Malaria drug efficacy clinical trial in endemic areas remains the gold standard method for monitoring changes in the efficacy of antimalarial drugs, and their outcomes guide the treatment policy adopted nationally. Correction of these outcomes via parasites genotyping, in which treatment failures are distinguished from re-infections that might have arisen during the follow-up period, has substantially improved outcome accuracy. In recent years, three genetic markers with standardised genotyping protocols have been adopted [1] in order to ensure consistency and comparability between studies. The validity of one of these markers (glurp) has been recently put into question [5], and in some regions low allelic diversity for the one or other of the other two markers (msp1 and msp2) diminishes their adequacy [18,19,20]. The likelihood of low genetic diversity increases in areas of low transmission intensity or in those where anti-malarial measures are leading to near elimination. In such cases, additional polymorphic genetic markers will need to be considered to achieve PCR correction of trial outcomes.

Given the very high diversity observed for the variable repeat region of the pfhrp2 exon in many malaria endemic areas [21, 22], including those with low transmission intensity, its usefulness was assessed as a potential additional genetic marker for PCR correction analyses. Although amplicon size could be sufficient to discriminate between two isolates, two post-amplification strategies with a higher resolution were employed to distinguish between the various allelic variants: amplicon sequencing, an onerous though highly accurate method, and RFLP analysis, a less sensitive but more field-friendly approach. In the present study, the potential of pfhrp2 as an additional marker for PCR correction analyses in Yemen has been demonstrated. Genotyping of the paired samples from the five cases with recurrent episodes confirmed the classification (recrudescence or re-infection) that was obtained using the three standard markers. Moreover, in this case, this was equally achieved by direct sequencing of the PCR product as well as through restriction enzymes digestion of the amplicons. It must be noted that this preliminary study concerned only 5 cases that were sampled about seven years ago. Therefore, validation of this marker will require further studies to confirm its usefulness.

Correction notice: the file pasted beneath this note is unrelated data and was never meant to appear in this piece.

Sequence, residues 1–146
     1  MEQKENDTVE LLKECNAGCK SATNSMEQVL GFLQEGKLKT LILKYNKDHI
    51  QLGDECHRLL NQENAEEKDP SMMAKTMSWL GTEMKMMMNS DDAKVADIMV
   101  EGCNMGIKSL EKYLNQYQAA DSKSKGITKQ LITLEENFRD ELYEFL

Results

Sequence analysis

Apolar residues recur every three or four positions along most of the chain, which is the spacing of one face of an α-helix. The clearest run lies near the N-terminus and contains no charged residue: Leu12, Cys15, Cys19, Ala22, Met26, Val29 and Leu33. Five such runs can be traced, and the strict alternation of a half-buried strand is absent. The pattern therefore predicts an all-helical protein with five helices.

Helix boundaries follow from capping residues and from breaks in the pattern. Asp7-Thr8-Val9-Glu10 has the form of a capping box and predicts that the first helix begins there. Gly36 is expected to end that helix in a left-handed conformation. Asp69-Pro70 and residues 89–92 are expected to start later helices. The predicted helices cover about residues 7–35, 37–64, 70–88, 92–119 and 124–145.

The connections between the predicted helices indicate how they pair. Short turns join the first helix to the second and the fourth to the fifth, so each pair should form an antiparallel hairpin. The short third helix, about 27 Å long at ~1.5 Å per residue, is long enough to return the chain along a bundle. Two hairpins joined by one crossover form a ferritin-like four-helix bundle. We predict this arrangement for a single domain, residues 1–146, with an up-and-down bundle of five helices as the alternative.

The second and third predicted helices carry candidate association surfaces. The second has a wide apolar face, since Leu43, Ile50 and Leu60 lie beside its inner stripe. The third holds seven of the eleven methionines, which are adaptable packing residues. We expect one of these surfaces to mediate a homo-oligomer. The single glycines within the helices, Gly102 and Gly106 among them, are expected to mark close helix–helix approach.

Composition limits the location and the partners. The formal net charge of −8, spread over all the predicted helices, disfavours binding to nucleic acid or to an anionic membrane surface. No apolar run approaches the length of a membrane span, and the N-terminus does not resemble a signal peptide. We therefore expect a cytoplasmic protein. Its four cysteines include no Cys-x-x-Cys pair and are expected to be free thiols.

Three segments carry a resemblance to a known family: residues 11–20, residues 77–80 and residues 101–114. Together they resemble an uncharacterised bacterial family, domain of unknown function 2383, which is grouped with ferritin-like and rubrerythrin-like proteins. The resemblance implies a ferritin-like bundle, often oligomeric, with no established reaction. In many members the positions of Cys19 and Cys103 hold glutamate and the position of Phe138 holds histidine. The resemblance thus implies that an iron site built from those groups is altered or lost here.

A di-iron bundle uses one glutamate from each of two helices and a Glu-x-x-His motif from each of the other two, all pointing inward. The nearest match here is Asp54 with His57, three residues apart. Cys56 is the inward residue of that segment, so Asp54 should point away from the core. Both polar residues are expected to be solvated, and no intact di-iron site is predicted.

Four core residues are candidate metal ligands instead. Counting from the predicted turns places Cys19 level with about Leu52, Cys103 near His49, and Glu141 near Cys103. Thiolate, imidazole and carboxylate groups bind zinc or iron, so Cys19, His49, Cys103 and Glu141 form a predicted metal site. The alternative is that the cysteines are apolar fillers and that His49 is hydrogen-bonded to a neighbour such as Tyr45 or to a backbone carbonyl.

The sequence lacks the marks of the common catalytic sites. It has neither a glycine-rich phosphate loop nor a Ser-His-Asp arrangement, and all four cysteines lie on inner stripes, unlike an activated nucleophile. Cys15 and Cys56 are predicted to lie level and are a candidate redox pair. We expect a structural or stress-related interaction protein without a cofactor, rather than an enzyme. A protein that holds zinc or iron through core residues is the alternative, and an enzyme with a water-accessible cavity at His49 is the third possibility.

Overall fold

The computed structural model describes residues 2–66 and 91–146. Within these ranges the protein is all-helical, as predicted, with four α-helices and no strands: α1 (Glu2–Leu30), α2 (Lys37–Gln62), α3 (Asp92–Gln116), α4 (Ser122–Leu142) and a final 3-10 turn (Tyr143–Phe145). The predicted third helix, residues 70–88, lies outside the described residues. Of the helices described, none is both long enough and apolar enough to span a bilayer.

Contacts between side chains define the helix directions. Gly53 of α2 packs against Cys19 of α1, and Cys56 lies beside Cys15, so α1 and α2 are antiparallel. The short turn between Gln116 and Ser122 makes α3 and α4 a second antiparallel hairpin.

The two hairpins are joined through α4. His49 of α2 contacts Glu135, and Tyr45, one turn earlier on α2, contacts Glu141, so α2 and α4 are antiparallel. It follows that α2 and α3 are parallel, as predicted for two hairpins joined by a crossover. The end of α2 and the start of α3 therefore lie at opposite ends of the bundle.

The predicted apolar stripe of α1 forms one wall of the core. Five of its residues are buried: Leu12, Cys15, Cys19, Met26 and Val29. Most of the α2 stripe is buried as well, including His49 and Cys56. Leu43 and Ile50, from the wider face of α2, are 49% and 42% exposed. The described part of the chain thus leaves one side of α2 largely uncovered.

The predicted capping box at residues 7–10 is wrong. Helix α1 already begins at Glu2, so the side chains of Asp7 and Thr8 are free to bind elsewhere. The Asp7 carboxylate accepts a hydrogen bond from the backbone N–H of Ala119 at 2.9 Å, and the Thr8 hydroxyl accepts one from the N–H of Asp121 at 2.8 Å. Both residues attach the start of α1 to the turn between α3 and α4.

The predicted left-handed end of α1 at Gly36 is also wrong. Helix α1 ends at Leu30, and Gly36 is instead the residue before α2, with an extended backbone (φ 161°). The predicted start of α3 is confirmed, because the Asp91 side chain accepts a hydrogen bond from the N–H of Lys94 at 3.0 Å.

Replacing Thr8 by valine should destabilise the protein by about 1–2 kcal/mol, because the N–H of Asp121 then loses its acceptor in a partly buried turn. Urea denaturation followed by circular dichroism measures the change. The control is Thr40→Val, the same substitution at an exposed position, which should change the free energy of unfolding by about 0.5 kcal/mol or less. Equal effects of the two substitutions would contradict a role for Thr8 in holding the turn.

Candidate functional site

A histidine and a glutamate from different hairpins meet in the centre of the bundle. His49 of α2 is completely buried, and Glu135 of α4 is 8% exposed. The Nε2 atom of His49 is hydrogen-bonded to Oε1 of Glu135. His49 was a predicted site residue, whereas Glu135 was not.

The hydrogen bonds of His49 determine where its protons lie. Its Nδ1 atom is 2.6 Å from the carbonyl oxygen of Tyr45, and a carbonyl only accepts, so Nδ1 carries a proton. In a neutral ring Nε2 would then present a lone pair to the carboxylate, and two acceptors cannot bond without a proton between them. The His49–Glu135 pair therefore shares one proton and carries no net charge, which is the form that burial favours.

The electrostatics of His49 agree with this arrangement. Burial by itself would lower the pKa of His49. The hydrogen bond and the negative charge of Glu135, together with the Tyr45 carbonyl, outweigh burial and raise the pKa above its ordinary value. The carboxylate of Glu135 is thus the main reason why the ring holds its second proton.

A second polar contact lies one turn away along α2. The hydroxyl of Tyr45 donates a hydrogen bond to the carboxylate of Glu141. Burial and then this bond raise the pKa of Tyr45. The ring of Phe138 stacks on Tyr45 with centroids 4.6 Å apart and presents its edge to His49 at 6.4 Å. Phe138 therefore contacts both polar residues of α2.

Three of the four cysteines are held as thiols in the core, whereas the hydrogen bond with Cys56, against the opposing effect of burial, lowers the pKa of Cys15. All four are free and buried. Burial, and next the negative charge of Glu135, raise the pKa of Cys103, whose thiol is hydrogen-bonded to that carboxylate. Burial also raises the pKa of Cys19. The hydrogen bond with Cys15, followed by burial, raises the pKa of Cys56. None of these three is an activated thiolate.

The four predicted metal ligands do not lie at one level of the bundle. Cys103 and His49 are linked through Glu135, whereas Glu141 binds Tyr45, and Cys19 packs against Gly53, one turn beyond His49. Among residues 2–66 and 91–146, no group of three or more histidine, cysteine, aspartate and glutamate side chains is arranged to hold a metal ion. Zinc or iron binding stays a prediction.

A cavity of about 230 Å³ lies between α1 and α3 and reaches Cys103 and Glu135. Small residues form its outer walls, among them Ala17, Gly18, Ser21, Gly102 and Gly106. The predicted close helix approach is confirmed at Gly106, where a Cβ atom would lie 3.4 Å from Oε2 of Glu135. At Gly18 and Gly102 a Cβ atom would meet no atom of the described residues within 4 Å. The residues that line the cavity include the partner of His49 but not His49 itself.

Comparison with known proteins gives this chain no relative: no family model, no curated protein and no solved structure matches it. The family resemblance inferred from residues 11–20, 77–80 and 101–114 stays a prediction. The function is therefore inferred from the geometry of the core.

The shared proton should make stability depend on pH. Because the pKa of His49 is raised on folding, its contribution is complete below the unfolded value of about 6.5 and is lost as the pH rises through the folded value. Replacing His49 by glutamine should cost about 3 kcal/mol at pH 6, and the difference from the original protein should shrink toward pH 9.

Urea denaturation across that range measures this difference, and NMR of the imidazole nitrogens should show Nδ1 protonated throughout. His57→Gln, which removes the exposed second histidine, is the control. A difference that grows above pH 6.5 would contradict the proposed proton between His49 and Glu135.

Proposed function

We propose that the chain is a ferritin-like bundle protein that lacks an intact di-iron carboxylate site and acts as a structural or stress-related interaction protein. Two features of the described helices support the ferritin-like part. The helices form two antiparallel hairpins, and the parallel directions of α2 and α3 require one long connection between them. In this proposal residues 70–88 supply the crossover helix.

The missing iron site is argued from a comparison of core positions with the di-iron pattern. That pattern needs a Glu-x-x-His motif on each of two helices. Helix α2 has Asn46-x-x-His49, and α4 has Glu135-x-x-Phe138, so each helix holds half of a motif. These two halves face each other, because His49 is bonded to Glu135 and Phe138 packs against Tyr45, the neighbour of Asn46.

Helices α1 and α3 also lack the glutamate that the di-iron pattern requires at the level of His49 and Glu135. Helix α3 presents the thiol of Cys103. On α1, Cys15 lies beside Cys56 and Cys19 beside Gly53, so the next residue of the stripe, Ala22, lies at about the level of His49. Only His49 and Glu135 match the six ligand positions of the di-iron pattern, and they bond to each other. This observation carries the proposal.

Nevertheless, it must be stressed that the value of pfhrp2 as a genotyping marker is severely compromised in areas where this gene is fully or partially deleted in a large proportion of the circulating parasites. Plasmodium falciparum parasites lacking pfhrp2 were first noted in Peru, where 41% of the samples collected proved negative for this gene [23]. Similar observations were made in the following year with samples collected in various South American countries [24,25,26,27,28,29], though much lower proportions of such parasites were recorded in other areas at that time [30,31,32]. A recent systematic review on the prevalence of pfhrp2 negative parasites indicated that their prevalence is highly variable and potentially equally focal [33]. Thus, pfhrp2 must not be used as a maker for PCR correction in areas where the prevalence of the parasites lacking the exon 2 of this gene exceeds a few percentage points (10% as a conservative suggestion). Nonetheless, given its high genetic diversity with allelic variants that can be distinguished by amplicon length, restriction digestions patterns and eventually sequencing, pfhrp2 can serve as a first marker to be analysed from paired samples; any cases thereby clearly classed as re-infection could then be excluded from those that would require genotyping by the other markers (msp1 and msp2), thus saving time and resources.


The polymorphic pfhrp2 gene has the potential to act as an additional genetic marker for inclusion in the PCR genotyping protocols employed to correct the outcomes of in vivo efficacy drug trials conduction in malaria endemic areas. However, its use is restricted to endemic areas where only a very small minority of P. falciparum population lack the pfhrp2 gene.

Availability of data and materials

The data that support the findings of this study are available from the corresponding author upon reasonable request.



Artemisinin-based combination therapy

msp1 :

Merozoite surface protein 1

msp2 :

Merozoite surface protein 2

glurp :

Glutamate-rich protein

pfhrp2 :

P. falciparum Histidine-rich protein 2






  1. WHO. Methods for surveillance of antimalarial drug efficacy. Geneva: World Health Organization, 2009. Accessed 16 July 2021.

  2. Jones S, Kay K, Hodel E, Chy S, Mbituyumuremyi A, Uwimana A, et al. Improving methods for analyzing antimalarial drug efficacy trials: molecular correction based on length-polymorphic markers msp-1, msp-2, and glurp. Antimicrob Agents Chemother. 2019;63:e00590-e619.

    Article  CAS  Google Scholar 

  3. Snounou G, Beck HP. The use of PCR genotyping in the assessment of recrudescence or reinfection after antimalarial drug treatment. Parasitol Today. 1998;14:462–7.

    Article  CAS  Google Scholar